Jan 14, 2015

Kiwi develops low-cost milk product in Myanmar

Though Myanmar has among the highest malnourishment statistics in the world, an Auckland man has found a cheap solution there in the form of an old Kiwi favourite – milk.

ANZ Nutrition Myanmar director Neil Macintyre has set himself a goal of eradicating malnourishment in Myanmar with a single-serve milk product containing probiotics and a dewormer, and costing just 20 cents a unit.

"This drink will build strong children. We can literally eliminate malnutrition," he said.

"With world dairy prices now falling it is much more realistic for us to produce single-serve high protein, high mineral milk drinks that can be priced at such a point that we can take it to the masses."

The bustling cities of Myanmar make up only a small percentage of its population. Macintyre said it was in rural areas that the real malnutrition problems were found.

"The opportunity for nutrition in this country is incredible. It's a great opportunity to supply dairy nutrition to a market that has an incredibly strong need for it.

"Child malnutrition stems from many factors, not least a lack of protein and minerals.

"They will often look as if they have enough food because their little stomachs will look fat, but that's actually from malnutrition.

"They have access to carbohydrates through rice and access to fat through lots of different sorts of oils from China, but what they severely lack is access to protein and minerals."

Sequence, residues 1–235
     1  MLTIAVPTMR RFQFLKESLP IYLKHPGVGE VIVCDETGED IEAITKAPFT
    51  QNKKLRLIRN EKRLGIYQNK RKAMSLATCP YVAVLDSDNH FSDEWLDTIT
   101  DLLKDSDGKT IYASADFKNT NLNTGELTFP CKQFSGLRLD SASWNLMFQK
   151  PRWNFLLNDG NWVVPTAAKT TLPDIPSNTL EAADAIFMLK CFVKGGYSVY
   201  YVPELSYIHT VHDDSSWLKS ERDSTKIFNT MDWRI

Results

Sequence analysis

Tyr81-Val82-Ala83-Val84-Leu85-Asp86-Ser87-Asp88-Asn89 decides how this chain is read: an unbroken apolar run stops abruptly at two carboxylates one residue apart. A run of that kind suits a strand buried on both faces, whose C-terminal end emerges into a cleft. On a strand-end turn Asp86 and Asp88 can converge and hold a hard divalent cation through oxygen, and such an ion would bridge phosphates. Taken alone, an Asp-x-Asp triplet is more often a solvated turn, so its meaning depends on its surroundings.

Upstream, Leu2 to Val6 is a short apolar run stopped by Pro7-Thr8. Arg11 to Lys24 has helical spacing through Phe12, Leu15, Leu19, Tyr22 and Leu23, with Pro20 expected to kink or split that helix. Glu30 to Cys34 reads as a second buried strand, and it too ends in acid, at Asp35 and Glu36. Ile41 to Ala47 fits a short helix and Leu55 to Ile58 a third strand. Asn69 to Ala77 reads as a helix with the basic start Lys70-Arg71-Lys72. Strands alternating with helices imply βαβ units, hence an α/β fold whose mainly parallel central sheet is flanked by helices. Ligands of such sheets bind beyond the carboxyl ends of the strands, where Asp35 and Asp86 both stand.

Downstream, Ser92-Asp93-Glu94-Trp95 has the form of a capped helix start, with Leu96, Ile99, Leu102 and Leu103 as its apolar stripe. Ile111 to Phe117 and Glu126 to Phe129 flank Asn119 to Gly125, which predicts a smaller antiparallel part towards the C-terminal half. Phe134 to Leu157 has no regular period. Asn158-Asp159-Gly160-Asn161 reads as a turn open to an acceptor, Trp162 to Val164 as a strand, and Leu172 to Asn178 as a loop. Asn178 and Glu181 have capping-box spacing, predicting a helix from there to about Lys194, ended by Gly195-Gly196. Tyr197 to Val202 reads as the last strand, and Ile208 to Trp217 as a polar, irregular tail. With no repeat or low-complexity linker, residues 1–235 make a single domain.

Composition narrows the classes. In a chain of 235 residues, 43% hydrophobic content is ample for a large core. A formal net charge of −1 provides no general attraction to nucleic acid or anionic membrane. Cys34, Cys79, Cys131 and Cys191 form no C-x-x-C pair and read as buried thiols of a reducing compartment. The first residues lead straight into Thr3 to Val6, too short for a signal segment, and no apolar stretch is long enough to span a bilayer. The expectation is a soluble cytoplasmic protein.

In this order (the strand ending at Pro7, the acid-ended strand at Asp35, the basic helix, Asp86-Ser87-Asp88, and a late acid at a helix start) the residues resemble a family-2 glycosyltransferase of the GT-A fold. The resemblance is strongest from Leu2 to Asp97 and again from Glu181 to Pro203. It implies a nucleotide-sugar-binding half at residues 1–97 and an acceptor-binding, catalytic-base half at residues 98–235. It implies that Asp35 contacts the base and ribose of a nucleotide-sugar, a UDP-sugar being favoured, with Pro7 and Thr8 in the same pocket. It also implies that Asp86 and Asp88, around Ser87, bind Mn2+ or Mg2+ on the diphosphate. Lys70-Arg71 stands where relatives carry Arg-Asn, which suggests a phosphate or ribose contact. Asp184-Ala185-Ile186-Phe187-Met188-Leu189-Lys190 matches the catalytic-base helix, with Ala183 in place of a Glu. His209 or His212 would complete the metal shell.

Originally from Dunedin, Macintyre spent the last eight years living in Asia and moved to Yangon, Myanmar, in October 2013.

With an economics degree and a background in the dairy industry, Macintyre is no stranger to the world of business and in New Zealand he was one of a small team who created Sun Latte, an ultra-filtered pasteurised low-fat milk.

Macintyre is eager to get project under way, but it requires a $20 million investment for processing and packaging technology.

To save freight space, the milk will be shipped from New Zealand, Australia and the United States in powder form.

"Dairy has a unique role to play here in Myanmar and the key for us was to make it cost effective enough to reach the masses, not just expats and the very small elite wealthy Myanmar."

Rhiannon McConnell travelled to Myanmar with support from the Asia New Zealand Foundation.

KIWI HELP

New Zealand's reputation for dairy expertise is having an impact on Myanmar in more ways than one – a NZ $6 million project started last March is helping to establish a competitive dairy industry for the country.

When Prime Minister John Key visited Myanmar in November 2012, he announced the five-year Myanmar New Zealand Dairy Excellence Project, which is now in its first stage.

Funded by the New Zealand Aid programme, it was set up to improve farmers' livelihoods and produce safer food for consumers.

The first six months of the project confirmed which farms should be involved in the project, evaluated milk quality and identified training opportunities.

It is expected to benefit up to 1500 dairy farmers in its first phase, and up to 5000 dairy farmers, dairy processors, retailers and local communities in its second phase.

Source: stuff.con.nz

 
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